Published: December 27, 2022 | Updated: December 21, 2022

New cremation alternative for funeral industry

Eric English, owner of English Funeral Chapel, says they are now offering aquamation.

Eric English, owner of English Funeral Chapel, says they are now offering aquamation.

When a loved one dies, there have long been two choices for families: burial or flame cremation.

Now, there is aquamation. It is form of cremation that uses water instead of fire to reduce the body to only the inorganic bone materials.

The new technology is being offered at English Funeral Chapel.

“One of the reasons we continued to look into it is that it is very environmentally friendly,” said owner Eric English. “We are committed to the environment and to providing green options to the families we serve.”

Eric English and wife Wendy English attended an industry conference in 2018 to learn about alkaline hydrolysis — also known as water cremation aquamation.

They were intrigued and in 2019 began the process to bring aquamation to Coeur d’Alene. The funeral chapel has been updated to accommodate the new equipment, ordered the machine, and obtained licensing and permits from local and state entities and had the required inspections.

English explained how it works.

With aquamation, the body is placed in a stainless steel vessel and a combination of gentle water flow, heat, pressure and alkalinity are used to accelerate the natural process of tissue hydrolysis.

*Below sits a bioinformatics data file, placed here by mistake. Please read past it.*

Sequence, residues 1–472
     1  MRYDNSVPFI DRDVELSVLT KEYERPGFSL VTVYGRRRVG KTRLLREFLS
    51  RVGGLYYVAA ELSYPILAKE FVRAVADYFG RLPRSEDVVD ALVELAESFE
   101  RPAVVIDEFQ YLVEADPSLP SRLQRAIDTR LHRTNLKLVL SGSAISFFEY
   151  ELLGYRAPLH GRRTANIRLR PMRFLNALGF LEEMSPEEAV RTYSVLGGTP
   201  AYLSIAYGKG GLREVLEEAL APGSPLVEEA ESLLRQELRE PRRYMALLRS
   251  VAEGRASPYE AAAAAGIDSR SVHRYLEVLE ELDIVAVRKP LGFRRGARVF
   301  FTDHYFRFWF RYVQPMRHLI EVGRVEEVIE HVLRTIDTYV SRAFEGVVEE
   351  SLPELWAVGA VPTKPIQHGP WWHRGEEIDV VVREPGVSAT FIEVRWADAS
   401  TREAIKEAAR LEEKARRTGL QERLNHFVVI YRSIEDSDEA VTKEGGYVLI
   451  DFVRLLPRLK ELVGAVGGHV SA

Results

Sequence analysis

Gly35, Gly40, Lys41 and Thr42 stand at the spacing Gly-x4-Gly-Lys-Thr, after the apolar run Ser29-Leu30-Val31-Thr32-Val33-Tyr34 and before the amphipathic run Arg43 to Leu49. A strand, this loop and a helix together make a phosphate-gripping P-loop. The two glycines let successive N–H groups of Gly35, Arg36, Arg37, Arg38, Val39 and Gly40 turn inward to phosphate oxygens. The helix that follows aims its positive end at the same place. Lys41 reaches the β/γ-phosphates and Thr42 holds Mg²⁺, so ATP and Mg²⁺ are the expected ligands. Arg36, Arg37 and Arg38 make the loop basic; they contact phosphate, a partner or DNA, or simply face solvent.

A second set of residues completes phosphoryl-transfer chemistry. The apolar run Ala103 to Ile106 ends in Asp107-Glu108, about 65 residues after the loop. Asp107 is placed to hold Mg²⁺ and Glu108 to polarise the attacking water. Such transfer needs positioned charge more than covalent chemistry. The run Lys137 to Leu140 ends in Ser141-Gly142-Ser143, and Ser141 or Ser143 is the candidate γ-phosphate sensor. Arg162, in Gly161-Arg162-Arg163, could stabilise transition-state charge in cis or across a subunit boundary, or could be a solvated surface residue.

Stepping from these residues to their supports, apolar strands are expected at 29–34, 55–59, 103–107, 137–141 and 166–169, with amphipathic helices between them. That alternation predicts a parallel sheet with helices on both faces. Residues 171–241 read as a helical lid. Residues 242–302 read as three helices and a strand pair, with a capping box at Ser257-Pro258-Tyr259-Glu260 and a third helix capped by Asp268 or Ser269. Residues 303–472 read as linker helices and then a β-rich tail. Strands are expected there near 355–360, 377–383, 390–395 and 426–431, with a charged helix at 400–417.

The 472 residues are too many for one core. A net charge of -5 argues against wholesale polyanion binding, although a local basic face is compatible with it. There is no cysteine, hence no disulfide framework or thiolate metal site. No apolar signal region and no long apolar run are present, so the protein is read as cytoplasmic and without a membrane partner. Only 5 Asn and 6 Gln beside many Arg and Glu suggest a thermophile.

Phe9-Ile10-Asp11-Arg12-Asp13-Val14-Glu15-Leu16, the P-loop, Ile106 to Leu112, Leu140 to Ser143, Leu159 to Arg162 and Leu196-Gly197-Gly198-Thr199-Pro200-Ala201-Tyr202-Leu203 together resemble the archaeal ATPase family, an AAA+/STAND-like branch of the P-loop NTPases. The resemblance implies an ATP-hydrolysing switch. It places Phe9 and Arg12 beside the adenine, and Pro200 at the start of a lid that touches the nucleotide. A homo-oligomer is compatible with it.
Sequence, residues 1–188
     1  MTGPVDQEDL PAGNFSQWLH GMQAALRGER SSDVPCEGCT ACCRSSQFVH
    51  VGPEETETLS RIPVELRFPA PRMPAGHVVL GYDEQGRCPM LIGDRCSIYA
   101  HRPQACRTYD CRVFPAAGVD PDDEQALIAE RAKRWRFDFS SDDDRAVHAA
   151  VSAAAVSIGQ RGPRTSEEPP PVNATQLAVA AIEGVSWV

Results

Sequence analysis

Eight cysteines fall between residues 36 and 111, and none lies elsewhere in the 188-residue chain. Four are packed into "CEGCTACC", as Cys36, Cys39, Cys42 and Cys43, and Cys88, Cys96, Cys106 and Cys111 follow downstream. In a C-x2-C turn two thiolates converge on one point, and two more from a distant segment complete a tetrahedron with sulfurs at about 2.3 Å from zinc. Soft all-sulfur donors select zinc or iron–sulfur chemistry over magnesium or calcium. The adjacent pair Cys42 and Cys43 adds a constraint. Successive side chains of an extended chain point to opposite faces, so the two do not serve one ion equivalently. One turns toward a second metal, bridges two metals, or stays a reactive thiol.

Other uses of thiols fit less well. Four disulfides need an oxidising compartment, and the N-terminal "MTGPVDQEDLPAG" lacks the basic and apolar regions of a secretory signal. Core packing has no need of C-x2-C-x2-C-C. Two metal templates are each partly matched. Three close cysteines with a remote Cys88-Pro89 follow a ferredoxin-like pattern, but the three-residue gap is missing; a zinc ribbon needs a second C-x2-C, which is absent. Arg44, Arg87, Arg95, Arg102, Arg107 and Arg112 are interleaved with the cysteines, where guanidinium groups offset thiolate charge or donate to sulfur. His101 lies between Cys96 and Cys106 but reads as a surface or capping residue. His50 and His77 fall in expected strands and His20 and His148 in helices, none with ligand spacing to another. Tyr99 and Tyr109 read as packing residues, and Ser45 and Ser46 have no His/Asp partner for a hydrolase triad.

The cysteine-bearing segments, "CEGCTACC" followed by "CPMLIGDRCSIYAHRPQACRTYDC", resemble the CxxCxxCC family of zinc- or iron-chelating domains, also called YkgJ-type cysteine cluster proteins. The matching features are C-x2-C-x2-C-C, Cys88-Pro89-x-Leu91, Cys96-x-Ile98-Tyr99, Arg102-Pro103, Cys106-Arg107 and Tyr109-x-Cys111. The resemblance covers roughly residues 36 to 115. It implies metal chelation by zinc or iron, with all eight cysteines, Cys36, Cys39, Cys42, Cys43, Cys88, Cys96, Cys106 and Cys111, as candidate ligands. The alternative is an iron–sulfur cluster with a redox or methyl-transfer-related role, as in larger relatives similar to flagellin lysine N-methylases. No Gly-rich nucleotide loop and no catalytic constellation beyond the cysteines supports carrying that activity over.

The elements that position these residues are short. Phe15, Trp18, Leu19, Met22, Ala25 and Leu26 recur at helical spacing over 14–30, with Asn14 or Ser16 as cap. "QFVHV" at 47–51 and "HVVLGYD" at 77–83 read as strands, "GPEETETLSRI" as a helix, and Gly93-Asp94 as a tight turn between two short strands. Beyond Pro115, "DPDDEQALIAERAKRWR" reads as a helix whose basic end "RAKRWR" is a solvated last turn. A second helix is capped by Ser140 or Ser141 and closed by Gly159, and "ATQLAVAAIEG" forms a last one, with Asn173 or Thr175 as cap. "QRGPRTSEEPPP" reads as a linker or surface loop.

The process uses 95% water and 5% alkali, a combination of potassium hydroxide and sodium.

At the end of the process, all material is broken down and there is no DNA or RNA remaining.

The sterile water is released for recycling and land application. When the operator opens the door, only the inorganic bone minerals remain.

These minerals are processed and returned to the family in an urn, which is the same process followed with flame cremation.

Organizations like the Mayo Clinic and UCLA medical school have long used alkaline hydrolysis for the disposition of bodies donated to medical science.

Eric English said the aquamation, process uses electricity and does not burn fossil fuels. It is energy efficient — greater than 90% energy savings compared to flame cremation.

"It will move into the future as our society improves infrastructure for cleaner energy sources, like wind, water, and solar energy," the release said.

English Funeral Chapel is the only funeral home in Coeur d'Alene offering aquamation as an option, Eric English said. It is about $500 more than cremation.

"The process is only now catching on in the funeral industry," the release said.

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